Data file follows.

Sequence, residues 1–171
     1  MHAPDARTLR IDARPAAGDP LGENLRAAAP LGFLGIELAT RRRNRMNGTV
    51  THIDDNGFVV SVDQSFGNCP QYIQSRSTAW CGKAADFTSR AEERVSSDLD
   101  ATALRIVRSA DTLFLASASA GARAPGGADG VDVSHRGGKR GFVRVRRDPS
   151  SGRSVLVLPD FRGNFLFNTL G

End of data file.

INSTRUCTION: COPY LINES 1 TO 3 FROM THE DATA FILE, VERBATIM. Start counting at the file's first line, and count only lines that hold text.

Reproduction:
Sequence, residues 1–171
     1  MHAPDARTLR IDARPAAGDP LGENLRAAAP LGFLGIELAT RRRNRMNGTV
    51  THIDDNGFVV SVDQSFGNCP QYIQSRSTAW CGKAADFTSR AEERVSSDLD